Qatar has managed to secure trade channels and neither the military nor the coup options are likely. Trump’s lack of geopolitical depth notwithstanding, Qatar is indispensable for the United States. The White House was too quick to back the Saudis’ decision, potentially exposing an internal rift between U.S. Secretary of State Rex Tillerson and Trump’s inner family circle, led by Jared Kuchner. In other words, U.S. diplomats will encourage Trump to mediate between Qatar and Saudi Arabia rather than encourage the rift. Indeed, the United States and Qatar signed a preliminary deal for the sale of some $12 billion worth of weapons to Doha barely a week after the Saudis launched the diplomatic offensive. Apart from Washington, Iran and Turkey have also come in Qatar’s aid.
They have established sea and air bridges to supply Qatar the imports it would otherwise get through the land border with Saudi Arabia. Therefore, Qatar has little incentives to capitulate. Doha knows it’s indispensable for the United States. Doha and Riyadh also know that the U.S. Congress would likely veto the $130 billion arms deal that trump signed during his visit to the Kingdom, should the latter escalate the blockade to a military operation. In a previous decade, a rift in the Persian Gulf would have sent oil prices soaring. The Gulf monarchies have used oil for geopolitical leverage, but if anything at all the Qatar crisis has shown that this no longer works. Qatar, within the OPEC realm, is a minor player, producing only 650,000 barrels per day. Thus, the Saudis have no incentive in upholding the blockader. OPEC’s problem now is not even in the Gulf. It’s in Texas, where shale production, which has reached well over four million barrels per day with the potential to double in the next year or so as technology makes it cheaper to extract. The one resource of concern is natural gas.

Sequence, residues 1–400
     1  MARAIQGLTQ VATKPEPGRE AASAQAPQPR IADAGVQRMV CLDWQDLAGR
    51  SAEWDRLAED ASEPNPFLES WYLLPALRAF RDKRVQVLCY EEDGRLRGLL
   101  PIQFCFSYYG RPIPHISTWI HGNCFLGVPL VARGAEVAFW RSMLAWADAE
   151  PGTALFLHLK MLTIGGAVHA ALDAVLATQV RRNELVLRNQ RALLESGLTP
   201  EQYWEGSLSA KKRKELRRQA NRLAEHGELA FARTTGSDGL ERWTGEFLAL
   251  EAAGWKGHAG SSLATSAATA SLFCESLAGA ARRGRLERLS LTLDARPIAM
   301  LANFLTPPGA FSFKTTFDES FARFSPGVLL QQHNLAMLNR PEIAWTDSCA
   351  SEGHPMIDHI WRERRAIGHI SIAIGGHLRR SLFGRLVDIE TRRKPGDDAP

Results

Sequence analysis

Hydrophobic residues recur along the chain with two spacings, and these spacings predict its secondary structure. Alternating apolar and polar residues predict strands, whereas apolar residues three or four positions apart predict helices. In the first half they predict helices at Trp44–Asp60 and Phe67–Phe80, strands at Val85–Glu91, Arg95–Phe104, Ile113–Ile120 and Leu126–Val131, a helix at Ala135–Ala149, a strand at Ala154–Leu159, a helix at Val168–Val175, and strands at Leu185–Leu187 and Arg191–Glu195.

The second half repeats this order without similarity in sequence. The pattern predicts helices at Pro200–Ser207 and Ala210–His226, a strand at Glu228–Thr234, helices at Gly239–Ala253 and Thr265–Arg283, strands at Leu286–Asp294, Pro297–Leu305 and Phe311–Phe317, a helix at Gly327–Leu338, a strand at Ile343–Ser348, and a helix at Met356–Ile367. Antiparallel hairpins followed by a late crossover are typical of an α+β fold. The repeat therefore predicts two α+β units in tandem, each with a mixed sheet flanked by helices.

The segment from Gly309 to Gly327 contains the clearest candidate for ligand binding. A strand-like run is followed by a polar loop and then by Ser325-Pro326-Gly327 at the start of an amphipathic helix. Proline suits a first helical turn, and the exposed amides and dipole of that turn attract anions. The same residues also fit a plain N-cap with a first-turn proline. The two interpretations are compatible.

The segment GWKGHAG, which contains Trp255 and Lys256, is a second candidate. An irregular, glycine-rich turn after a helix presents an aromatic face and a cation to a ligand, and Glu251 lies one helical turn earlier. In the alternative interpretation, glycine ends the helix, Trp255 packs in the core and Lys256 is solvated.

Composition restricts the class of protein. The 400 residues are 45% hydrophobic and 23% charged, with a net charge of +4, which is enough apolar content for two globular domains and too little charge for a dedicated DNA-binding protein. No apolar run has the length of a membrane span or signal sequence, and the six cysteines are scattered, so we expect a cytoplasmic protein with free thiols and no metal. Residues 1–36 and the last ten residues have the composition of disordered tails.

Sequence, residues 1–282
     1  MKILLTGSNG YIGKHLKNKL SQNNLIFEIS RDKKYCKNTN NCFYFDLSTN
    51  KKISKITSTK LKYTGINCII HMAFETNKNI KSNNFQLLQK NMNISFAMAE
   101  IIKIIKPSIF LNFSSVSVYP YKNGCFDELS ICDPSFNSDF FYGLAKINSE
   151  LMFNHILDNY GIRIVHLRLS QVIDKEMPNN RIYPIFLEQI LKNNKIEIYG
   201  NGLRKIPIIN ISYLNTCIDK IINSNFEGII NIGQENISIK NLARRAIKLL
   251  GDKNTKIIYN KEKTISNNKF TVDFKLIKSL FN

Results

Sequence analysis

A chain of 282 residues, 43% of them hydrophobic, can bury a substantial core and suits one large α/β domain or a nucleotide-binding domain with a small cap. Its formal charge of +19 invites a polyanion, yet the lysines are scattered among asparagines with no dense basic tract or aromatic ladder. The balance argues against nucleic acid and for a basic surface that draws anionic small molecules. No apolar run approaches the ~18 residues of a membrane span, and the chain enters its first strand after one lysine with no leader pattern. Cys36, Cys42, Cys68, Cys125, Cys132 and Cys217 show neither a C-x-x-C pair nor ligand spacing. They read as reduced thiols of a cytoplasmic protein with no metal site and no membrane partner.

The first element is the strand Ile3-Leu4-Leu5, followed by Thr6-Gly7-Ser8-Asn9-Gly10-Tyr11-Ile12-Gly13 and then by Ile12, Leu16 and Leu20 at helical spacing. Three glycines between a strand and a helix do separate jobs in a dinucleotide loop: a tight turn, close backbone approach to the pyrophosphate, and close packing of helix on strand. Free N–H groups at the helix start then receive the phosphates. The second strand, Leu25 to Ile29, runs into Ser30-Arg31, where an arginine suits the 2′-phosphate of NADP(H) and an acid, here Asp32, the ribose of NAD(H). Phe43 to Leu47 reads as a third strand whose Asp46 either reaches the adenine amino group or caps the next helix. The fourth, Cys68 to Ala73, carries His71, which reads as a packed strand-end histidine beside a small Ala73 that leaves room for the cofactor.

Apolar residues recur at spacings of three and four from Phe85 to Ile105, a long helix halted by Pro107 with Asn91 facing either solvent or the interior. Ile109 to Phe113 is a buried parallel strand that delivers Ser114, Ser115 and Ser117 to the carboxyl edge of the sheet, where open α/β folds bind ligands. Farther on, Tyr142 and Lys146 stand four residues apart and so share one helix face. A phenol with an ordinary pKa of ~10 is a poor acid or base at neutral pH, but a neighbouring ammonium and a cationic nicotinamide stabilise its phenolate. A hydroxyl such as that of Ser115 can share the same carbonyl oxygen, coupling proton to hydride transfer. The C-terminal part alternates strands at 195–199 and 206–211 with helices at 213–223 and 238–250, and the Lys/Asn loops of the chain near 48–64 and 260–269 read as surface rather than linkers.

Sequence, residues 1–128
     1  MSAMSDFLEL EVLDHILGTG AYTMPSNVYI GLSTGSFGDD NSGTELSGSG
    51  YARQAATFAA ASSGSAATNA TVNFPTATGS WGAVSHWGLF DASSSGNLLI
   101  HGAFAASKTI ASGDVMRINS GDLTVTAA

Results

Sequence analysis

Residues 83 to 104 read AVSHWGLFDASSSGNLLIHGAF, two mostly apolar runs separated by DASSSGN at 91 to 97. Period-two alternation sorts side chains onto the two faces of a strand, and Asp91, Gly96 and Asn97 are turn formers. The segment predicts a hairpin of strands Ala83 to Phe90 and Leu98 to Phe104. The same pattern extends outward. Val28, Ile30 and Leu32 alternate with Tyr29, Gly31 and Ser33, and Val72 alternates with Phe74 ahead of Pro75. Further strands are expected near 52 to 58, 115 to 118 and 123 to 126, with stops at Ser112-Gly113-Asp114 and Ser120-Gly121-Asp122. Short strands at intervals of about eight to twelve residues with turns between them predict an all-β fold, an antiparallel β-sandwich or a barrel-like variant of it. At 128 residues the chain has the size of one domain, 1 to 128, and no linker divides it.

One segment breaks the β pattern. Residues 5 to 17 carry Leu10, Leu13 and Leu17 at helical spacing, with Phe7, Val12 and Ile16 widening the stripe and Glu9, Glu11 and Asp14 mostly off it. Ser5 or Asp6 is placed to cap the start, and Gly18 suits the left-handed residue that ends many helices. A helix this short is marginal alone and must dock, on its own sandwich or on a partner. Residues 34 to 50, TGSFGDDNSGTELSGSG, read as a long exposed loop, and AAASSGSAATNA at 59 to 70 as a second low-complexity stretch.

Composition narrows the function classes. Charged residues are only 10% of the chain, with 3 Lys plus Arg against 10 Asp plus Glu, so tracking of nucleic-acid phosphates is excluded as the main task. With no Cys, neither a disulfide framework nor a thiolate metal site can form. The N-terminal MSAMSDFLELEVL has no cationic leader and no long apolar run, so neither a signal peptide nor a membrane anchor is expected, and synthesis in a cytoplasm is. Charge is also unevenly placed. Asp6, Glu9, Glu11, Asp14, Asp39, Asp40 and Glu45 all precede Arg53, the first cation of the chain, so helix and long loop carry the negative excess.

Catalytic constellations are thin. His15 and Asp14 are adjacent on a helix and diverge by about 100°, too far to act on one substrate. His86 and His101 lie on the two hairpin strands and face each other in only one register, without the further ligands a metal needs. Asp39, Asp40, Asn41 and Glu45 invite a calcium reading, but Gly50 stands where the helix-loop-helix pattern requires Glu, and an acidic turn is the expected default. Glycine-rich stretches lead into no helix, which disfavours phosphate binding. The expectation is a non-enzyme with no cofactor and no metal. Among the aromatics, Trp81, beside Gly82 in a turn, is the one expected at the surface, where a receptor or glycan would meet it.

Qatar is the world’s top producer and it supplies many U.S. allies.
Thus, Washington must evaluate the crisis well beyond Trump’s premature and inopportune enthusiasm.
As for the ‘coup’ option, Qatar has a history of abrupt – if peaceful – changes of leadership, but there are few chances of this happening now. The ruling Al Thani family has hitherto been relatively inactive in Gulf politics, but this event gives it the ascendancy over Qatar as a ruling family, a dynasty still in place to this day. In Qatar, the Al Thani has held absolute power since Qatar declared independence from a federation of States that evolved into the United Arab Emirates (UAE) in 1971. The emir, is the head of state, and he leads Qatar with the help of his family. From 1995 to 2013, Qatar was ruled by Emir Hamad bin Khalifa Al Thani, who took over the country by overthrowing his father Khalifa bin Hamad Al Thani, while he was vacationing in Switzerland.
Emir Hamad has pushed Qatar in a modern socio-political path by Gulf – and certainly by Wahhabi – standards.
He has encouraged women’s rights and political reforms. Hamad has built a more liberal society than have his Gulf counterparts, even giving his country a new constitution. After gradually preparing his succession for two years, Hamad ben Khalifa Al Thani, of fragile health, abdicated on 25 June 2013 in favor of his son Tamim bin Hamad Al Thani.He became the youngest head of state of the Arab world at the age of 33. Perhaps, the Saudi monarch decision to appoint 31-year old Mohammad bin-Salman as Crown Prince reflects this.Indeed, it’s more likely that the Qatar blockade will bring changes to Saudi Arabia than Qatar.
While Saudi Arabia remains the symbol of the status quo in the Arab world, the Qataris have pursued and embraced change – within limits. All the Gulf monarchies have sought ways to preserve their wealth, power and influence. The UAE has encouraged tourism to complement oil. Qatar has used tourism to complement natural gas as well as portraying itself as a monarchy open to political changes, even if mostly beyond its borders. Qatar has sponsored regime change in Libya as it has in Syria, often taking the side of the ‘masses’. Saudi Arabia believes that the best way to ensure its survival is by changing nothing and by ensuring the historic relationship between the al-Saud and the Wahhabi ‘ulama’ (clerics) continues. But, the new and ambitious Saudi Crown Prince, who has impressed Trump, might be the one who could use the situation to stir things up in the Kingdom.